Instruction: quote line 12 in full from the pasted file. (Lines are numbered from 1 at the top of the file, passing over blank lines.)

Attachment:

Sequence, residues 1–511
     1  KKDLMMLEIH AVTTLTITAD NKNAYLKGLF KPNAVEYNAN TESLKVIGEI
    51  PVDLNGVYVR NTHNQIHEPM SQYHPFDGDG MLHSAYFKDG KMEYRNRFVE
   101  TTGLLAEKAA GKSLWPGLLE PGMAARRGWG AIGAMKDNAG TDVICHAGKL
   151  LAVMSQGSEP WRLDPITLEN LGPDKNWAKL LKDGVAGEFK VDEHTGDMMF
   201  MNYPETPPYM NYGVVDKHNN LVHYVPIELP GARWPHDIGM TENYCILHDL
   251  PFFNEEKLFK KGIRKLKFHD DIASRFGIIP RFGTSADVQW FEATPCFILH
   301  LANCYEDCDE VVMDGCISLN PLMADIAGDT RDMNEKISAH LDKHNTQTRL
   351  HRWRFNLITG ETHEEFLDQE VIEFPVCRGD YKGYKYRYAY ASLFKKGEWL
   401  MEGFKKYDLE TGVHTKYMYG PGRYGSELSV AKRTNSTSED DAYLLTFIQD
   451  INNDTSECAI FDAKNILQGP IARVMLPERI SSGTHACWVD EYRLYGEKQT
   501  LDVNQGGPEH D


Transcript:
   501  LDVNQGGPEH D